SANTA CLARA COUNTY, Calif. — Twenty-five years after a Santa Clara County jury condemned him to die, double-murderer Miguel Bacigalupo has put the prosecution team that sent him to death row on trial.
Armed with a thick bundle of findings by a judge supporting claims of prosecutorial misconduct, the convict's attorney on Wednesday will ask the California Supreme Court for a new trial in the 1983 slaying of two brothers in their San Jose jewelry store.
It is rare for the state's high court to reverse a death sentence, but Bacigalupo, now 50, may have a better shot than most. That is because a superior court judge ordered by the Supreme Court to explore Bacigalupo's case found three years ago that the lead prosecutor and investigator in the 1987 trial kept crucial evidence from the jury.
The Supreme Court must now decide whether to accept the judge's findings.
The allegations have put the prosecutor and now superior court judge, Joyce Allegro, on the spot for nearly a decade as they've made their way through the sluggish death penalty appeals process.
"He was cheated out of a lot that should have been done," said Robert Bryan, Bacigalupo's lawyer.
Allegro said in an email she would be out of her office and unavailable until June. She has declined to comment on the appeal in the past. But the state attorney general's office and Santa Clara County District Attorney's Office have strongly defended the trial's fairness.
The appeal stems from Bacigalupo's conviction for killing Jose Luis Guerrero and Orestes Guerrero, who owned a jewelry store on The Alameda. At trial, Allegro argued that Bacigalupo shot the brothers in a straightforward jewelry heist.
Bacigalupo, however, maintained that the Colombian mafia ordered him to kill the brothers and that his family would have been murdered if he failed to carry out the "drug hit." The jury heard scant evidence to back up a connection with drug traffickers.
But evidence unearthed during the appeal suggested Allegro and particularly her lead investigator, Sandra Williams, had strong information from a confidential informant that might have supported Bacigalupo's claim. And the appeal has hinged on the fact the prosecution team did not share that information with Bacigalupo's defense attorney before trial, as the law requires.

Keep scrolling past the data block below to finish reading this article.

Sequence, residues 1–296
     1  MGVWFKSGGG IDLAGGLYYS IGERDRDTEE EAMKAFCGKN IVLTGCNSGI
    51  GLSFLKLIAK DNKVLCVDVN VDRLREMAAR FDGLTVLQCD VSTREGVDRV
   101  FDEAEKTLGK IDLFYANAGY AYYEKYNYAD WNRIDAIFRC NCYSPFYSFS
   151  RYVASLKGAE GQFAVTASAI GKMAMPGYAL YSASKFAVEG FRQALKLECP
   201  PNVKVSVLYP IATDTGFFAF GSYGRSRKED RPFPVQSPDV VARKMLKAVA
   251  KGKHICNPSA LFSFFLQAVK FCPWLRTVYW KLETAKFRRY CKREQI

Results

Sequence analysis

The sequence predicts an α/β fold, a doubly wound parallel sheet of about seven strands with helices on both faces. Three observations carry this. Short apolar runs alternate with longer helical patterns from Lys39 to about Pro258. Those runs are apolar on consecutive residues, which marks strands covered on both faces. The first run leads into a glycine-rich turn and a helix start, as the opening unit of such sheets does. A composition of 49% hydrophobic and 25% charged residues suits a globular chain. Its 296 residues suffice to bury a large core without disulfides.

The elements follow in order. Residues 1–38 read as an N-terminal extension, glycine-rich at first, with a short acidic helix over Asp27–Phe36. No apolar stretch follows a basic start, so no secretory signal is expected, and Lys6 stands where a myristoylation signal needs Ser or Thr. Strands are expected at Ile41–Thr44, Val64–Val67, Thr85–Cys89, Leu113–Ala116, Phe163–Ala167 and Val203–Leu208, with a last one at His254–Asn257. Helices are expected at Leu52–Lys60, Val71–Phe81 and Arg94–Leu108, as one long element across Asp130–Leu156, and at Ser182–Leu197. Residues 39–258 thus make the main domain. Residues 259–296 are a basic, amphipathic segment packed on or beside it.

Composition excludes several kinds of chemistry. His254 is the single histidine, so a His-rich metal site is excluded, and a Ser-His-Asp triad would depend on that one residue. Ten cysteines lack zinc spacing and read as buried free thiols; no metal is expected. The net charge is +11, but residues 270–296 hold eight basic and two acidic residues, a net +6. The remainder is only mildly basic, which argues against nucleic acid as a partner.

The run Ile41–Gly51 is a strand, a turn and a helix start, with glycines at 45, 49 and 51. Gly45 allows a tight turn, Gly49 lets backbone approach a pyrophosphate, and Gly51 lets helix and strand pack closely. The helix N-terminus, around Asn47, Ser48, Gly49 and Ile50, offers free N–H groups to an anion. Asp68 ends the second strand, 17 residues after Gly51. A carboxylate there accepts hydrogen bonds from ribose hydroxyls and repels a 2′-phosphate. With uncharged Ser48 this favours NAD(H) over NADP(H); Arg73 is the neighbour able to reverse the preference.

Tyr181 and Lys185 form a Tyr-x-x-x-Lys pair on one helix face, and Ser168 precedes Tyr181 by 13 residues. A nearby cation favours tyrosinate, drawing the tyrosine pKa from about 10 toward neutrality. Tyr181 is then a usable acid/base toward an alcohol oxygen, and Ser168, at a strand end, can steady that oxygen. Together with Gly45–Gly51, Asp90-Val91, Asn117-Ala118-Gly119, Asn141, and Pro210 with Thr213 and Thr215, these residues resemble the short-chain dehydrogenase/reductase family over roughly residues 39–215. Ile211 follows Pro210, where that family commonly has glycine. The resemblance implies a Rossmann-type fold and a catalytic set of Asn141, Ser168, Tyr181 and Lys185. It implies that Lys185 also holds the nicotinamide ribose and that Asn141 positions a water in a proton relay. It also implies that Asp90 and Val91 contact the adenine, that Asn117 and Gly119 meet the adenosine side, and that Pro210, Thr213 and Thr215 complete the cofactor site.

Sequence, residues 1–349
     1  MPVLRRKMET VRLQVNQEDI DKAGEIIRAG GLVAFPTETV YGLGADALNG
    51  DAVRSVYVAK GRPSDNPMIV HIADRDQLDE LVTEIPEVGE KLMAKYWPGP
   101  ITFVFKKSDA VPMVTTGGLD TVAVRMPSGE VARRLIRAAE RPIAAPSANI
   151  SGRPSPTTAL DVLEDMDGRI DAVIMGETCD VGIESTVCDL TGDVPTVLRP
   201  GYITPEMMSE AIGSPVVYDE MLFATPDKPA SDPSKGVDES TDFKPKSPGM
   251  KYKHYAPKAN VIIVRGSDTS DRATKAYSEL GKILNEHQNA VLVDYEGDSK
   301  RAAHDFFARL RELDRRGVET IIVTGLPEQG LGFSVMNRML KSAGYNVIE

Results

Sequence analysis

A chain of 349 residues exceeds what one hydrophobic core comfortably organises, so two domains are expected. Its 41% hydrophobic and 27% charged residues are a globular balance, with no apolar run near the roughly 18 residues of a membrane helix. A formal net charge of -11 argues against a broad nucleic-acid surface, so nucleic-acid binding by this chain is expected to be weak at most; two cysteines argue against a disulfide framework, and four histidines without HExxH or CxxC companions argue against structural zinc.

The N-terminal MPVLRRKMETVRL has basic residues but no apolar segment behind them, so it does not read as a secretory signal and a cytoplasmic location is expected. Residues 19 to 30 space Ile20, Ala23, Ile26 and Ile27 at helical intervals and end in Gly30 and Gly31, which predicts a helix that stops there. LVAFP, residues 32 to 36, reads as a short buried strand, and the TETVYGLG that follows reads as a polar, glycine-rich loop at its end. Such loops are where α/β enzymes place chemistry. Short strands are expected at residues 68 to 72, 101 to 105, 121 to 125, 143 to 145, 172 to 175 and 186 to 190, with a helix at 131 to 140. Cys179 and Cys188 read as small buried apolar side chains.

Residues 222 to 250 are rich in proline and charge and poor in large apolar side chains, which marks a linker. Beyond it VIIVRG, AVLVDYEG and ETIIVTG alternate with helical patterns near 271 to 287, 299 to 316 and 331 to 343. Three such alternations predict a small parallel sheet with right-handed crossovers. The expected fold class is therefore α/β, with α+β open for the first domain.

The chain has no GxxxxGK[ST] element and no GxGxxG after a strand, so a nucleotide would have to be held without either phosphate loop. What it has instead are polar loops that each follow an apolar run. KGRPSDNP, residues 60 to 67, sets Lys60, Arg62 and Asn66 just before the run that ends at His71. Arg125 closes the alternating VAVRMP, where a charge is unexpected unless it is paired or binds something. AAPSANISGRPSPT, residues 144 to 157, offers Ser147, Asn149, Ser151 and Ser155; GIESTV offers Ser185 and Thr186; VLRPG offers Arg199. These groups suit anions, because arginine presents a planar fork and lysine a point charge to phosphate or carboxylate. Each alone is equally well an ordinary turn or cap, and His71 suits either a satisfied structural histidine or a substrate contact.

At the Supreme Court's direction, retired Contra Costa County Superior Court Judge Richard Arnason held lengthy hearings over several years. One witness flown in from Venezuela confirmed that shortly before the murders Bacigalupo had met with Jose Angarita, a cocaine trafficker with ties to Pablo Escobar and the Medellin cartel, according to court papers.
The star witness for Bacigalupo's appeal was Gale Kesselman, the confidential informant who had told Williams of the Colombian mafia link after Bacigalupo's arrest. Arnason found "credible" her testimony that the "murders were orchestrated in part by Jose Angarita."
Kesselman died of cancer after testifying before Arnason in 2006.
In his report to the Supreme Court, Arnason harshly criticized Williams and Allegro, repeatedly branding Williams, a former DA investigator, "not truthful" about her handling of the information. And while not as harsh toward Allegro, the judge said "there are some issues regarding her credibility."
The attorney general's office declined to comment. But in court papers, prosecutors say Arnason's findings were "based on insurmountable legal errors and are largely unsupported by the evidence."
Prosecutors argue Kesselman's accounts were "dubious at best," and that investigators deemed the Colombian drug connection to the murders speculative.
They maintain the evidence would not have swayed the jury because even if true it would show "a planned and organized murder, with (Bacigalupo) acting as a hired assassin."